Waffle making with rented waffle maker from the Library of things. Sebastian Wood/Library of Things
Until the advent of cheap credit and cheaper item costs, for many consumers in the 1960s, 1970s and 1980s rental was the most accessible way of obtaining products such as televisions, video recorders and washing machines that were high cost and frequently required repair. Now we buy cheap and pile high or just chuck out when something stops working – even if we could fix it.
The consumption of household goods in Western society is now at its upper limit, so much so that Steve Howard, Ikea’s head of sustainability, said it had reached “peak stuff”. While he was quick to say that this did not contradict Ikea’s target to double sales by 2020, he suggested a break from a prevailing “take, make, use, throw” economic model towards a circular model that encourages repair, reuse and collaborative ventures that share the use of products.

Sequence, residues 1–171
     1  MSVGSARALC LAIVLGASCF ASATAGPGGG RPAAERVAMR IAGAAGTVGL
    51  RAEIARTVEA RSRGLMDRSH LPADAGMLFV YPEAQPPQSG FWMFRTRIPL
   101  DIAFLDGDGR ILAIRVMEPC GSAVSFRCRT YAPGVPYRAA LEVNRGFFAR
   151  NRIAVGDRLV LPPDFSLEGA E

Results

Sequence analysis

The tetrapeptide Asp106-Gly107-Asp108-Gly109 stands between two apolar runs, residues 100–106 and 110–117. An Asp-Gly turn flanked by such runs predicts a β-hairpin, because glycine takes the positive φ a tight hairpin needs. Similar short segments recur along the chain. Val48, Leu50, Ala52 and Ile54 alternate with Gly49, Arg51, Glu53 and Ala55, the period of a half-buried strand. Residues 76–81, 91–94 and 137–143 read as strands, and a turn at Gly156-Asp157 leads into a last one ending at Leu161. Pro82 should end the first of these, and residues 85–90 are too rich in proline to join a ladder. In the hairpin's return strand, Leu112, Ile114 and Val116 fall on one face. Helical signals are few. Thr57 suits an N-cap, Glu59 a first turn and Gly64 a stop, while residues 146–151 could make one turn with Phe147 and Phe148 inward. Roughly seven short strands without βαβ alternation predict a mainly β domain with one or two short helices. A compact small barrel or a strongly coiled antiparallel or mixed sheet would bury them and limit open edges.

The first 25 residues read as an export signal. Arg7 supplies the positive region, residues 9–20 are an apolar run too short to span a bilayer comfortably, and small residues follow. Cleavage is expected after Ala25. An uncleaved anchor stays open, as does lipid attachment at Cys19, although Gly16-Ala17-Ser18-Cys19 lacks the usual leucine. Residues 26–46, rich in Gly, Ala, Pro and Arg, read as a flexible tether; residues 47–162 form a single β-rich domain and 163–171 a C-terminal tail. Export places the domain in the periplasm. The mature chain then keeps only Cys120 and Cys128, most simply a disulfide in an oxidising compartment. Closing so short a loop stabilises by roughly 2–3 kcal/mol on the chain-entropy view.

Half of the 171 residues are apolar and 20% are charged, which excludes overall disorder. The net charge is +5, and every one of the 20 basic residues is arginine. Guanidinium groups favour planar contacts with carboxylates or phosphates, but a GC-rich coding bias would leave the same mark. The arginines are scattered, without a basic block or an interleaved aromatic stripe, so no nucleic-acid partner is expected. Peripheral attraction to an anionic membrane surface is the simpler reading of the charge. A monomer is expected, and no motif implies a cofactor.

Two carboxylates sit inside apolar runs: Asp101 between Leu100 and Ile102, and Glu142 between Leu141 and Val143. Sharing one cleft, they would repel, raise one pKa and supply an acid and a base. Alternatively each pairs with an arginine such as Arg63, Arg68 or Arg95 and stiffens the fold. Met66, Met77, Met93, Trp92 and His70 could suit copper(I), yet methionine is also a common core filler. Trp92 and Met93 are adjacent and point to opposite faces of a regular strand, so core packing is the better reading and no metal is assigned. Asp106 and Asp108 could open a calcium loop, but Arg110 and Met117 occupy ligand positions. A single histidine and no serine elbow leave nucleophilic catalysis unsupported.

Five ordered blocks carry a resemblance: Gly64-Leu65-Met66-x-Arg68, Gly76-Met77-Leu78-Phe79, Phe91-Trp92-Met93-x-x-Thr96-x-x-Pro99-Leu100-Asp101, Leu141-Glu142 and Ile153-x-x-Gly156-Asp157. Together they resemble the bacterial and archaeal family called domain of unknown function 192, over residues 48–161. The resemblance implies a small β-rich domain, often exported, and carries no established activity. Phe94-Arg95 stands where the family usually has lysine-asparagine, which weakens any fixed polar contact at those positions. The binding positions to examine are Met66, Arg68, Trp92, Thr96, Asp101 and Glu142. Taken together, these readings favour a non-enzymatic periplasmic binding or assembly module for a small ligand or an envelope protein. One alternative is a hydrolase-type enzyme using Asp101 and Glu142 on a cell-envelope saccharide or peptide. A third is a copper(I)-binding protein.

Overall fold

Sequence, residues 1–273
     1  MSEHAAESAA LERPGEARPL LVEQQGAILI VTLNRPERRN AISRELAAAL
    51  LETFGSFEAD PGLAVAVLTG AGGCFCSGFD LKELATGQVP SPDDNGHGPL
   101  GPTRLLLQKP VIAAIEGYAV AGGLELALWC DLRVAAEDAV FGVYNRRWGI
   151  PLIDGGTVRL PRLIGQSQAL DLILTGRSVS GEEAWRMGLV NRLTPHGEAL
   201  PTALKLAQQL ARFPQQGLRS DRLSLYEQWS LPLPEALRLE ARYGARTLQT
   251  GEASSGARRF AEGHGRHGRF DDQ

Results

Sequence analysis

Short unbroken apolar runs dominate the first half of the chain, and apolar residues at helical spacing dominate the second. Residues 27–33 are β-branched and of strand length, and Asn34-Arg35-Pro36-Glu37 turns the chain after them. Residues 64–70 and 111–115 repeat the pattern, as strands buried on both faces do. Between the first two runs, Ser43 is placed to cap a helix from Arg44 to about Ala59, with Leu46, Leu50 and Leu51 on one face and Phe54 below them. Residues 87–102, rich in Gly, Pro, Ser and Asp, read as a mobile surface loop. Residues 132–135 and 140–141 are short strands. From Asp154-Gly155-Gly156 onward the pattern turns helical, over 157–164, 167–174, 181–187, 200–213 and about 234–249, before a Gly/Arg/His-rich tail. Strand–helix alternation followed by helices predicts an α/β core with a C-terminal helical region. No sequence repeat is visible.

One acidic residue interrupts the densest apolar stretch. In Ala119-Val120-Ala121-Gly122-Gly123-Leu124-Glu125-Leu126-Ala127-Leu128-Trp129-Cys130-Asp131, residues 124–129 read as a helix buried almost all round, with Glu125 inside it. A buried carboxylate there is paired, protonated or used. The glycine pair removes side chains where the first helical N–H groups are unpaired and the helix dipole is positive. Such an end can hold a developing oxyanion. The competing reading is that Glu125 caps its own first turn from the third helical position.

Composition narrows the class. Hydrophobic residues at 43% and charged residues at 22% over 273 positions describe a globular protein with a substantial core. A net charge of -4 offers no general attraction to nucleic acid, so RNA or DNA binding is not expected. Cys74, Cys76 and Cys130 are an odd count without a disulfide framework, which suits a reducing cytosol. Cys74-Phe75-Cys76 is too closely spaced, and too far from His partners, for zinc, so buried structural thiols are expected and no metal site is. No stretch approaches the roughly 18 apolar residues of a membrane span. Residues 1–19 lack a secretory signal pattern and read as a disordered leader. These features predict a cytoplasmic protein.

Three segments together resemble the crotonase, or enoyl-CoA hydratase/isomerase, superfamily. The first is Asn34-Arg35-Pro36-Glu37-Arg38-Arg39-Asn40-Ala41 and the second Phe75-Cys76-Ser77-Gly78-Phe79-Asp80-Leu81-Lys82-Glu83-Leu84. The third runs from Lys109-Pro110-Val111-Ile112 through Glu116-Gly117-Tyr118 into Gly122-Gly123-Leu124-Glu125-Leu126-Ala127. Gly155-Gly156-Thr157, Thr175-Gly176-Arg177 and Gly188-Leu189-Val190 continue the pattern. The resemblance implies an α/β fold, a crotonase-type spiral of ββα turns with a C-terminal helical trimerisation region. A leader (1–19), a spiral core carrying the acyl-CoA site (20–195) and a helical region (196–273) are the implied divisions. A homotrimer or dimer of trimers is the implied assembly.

At the heart of the circular economy is the sharing economy, in which products and services are leased for a time. It’s about access rather than ownership, and any number of things can be shared, from transport, property and consumer goods (such as tools and kitchen appliances), as well as skills and knowledge.
Care: paying it forward. Shutterstock
There have been routes to borrowing items for many years – hiring formal clothing for events, for example, or car sharing schemes that are now commonplace in many cities. And despite more recent funding cuts, public libraries still offer access to books, music and films, while big businesses such as Amazon Kindle, Netflix and Spotify mean there is no need to actually own physical, hard copies of media items.
But sharing, borrowing and reusing is now becoming something that businesses are actively engaging in. Take the Riversimple Rasa – a hydrogen fuel cell car that has been designed specifically within a car-share business model.